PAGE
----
The Lokugamage 2001 trial compared misoprostol (800 mcg rectal) versus syntometrine combined with oxytocin infusion for treatment of PPH. The authors described clearly the random generation method and allocation concealment using consecutively numbered, sealed, opaque envelopes. It was a single-blinded study, as obstetricians were aware of the type of drug given, although women and midwives were not. The trial authors indicated that single blinding was used mainly for safety "to prevent over-dosage and to know what had been given in case of need of additional drugs". No description was provided of the method of measurement of blood loss or the management of the third stage of labour. The authors have been contacted to request more information. Post-randomisation withdrawal of one woman (1/32) was reported in the misoprostol arm. The trial was prone to assessment bias, as physicians were aware of the treatment given. Generalisation of the results (external validity) is somewhat limited because effectiveness outcomes such as 'treatment failure' were susceptible to biased ascertainment. Furthermore, the authors performed an interim analysis after 12 months (30 recruited women), and it is unclear whether this information was shared with the clinicians participating in the trial. Therefore, one cannot rule out the possibility that postrandomisation management and outcome assessment were influenced by knowledge of interim results. The study was terminated after an interim analysis revealed an 80% difference between the two treatment arms for the pre-specified outcome measure (effectiveness at stopping PPH within 20 minutes of trial drugs' administration). Only three outcome measures were adequately reported (hysterectomy, persistent vaginal bleeding following randomisation, medical and surgical co-interventions). Maternal death was not reported as an outcome. Other reported outcome measures included blood transfusion, length of inpatient stay and drug side effects. However, they were reported as "P value of significance" with no numbers or percentages. No long-term outcome data were presented.

The Walraven 2004 and Hofmeyr 2004 trials were double-blinded studies that compared misoprostol (600 mcg in Walraven and 1000 mcg in Hofmeyr, delivered by multiple routes) versus placebo when used as an adjunct to standard uterotonics for the treatment of primary PPH. However, the authors of the former trial believed that blinding may have been compromised by differences in the size of the misoprostol tablets and the placebo. Both trials used active management of the third stage of labour and measured blood loss after administration of conventional oxytocics for primary PPH treatment and the trial drug. In Hofmeyr 2004, six of 244 data sheets did not include pack numbers and could not be included in the analysis. In the Walraven 2004 trial, no withdrawals after enrolment were reported. No long-term outcome data were presented.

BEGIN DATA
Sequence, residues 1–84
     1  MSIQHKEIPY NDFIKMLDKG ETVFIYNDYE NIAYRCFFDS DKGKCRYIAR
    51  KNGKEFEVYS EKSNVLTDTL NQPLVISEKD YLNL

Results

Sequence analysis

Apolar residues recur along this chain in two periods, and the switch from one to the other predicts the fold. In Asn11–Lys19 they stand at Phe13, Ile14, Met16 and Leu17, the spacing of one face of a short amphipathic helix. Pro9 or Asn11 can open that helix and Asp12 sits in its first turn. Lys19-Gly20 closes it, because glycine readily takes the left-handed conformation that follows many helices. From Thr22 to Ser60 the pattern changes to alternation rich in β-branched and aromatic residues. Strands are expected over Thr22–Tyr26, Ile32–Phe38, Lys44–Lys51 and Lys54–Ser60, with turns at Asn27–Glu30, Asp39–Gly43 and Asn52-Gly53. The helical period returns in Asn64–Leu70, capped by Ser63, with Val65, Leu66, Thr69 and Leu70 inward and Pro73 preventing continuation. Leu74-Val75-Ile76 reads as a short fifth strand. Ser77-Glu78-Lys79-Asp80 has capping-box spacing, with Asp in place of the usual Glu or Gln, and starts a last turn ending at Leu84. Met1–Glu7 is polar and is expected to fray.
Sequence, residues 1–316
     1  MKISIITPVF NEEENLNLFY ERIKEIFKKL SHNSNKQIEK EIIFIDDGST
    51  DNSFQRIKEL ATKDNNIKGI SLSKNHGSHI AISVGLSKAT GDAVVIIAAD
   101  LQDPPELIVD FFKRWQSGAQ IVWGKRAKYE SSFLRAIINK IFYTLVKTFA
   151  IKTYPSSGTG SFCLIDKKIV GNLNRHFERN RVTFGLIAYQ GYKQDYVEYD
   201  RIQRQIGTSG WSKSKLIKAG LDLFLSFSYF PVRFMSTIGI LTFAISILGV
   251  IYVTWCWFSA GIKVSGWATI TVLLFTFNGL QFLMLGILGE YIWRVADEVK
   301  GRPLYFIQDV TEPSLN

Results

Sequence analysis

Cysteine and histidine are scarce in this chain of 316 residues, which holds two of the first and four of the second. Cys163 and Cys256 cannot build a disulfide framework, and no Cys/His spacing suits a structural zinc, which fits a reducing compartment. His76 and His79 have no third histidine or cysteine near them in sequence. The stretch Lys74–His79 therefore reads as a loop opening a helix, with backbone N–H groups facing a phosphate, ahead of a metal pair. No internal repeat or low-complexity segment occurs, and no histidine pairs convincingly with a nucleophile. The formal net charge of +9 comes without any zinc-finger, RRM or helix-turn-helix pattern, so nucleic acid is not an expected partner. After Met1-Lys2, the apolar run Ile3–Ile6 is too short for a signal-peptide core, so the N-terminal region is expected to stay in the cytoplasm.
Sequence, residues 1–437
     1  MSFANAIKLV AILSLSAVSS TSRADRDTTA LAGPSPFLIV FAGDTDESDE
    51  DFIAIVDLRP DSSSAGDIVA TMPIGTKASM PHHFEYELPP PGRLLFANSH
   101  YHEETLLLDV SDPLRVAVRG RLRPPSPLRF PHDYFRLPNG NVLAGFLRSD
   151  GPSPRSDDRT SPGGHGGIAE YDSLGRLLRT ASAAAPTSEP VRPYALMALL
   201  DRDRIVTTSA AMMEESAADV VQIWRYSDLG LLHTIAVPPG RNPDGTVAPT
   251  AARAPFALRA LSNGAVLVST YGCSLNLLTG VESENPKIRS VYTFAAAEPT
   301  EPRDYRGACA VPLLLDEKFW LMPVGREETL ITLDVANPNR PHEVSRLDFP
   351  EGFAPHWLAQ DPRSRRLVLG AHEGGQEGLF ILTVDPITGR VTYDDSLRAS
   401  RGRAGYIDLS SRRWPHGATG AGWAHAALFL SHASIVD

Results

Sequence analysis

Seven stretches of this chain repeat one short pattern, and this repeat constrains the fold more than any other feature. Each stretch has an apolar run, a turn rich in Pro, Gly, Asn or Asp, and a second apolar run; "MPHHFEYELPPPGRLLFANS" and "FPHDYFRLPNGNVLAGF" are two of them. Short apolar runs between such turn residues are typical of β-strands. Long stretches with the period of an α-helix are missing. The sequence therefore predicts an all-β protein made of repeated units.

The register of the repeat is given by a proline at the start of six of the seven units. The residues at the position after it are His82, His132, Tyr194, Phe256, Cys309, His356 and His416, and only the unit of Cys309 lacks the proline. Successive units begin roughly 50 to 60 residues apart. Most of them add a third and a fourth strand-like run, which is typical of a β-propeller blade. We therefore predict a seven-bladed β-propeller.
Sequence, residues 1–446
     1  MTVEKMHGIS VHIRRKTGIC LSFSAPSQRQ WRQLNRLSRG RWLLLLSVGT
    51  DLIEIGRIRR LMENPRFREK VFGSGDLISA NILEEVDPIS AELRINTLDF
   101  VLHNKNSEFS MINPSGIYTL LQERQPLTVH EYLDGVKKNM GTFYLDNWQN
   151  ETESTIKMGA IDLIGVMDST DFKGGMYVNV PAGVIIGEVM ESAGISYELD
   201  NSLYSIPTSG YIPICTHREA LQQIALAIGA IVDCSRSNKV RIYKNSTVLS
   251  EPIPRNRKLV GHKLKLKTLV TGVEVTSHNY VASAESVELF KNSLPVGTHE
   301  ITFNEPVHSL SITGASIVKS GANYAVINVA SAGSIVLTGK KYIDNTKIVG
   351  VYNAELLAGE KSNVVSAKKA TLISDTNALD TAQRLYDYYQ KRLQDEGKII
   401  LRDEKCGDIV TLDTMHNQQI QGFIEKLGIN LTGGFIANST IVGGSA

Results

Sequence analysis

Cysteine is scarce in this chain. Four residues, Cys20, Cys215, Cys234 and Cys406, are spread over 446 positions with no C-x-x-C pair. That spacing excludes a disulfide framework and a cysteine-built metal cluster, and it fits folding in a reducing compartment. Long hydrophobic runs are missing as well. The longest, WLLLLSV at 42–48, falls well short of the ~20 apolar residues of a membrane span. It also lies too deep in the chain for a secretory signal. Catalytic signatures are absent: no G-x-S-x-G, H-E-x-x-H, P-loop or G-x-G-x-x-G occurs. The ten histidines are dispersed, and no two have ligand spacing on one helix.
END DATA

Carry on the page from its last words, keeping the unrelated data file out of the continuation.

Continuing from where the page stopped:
The Zuberi 2008 trial was a multi-centre double-blind randomised controlled study that compared sublingual misoprostol (600 mcg) versus placebo when used as an adjunct to standard uterotonics for the treatment of primary PPH. Blinding and allocation concealment were adequate, and participants were randomly assigned in blocks of 10, using a computer-generated random sequence. Placebo tablets were identical in shape, colour, weight, feel and taste to misoprostol tablets. The study was powered to recruit 900 participants; however, investigators managed to recruit only 61 participants and reported results for 59 of them. The primary outcome measure was measured blood loss of 500 mL or more after treatment. Authors indicated that accurate use of the scales for assessment of blood loss proved difficult. Therefore, volume of blood was not analysed; instead measurement according to reading of the blood collection device was recorded and analysed. No long-term outcome data were presented.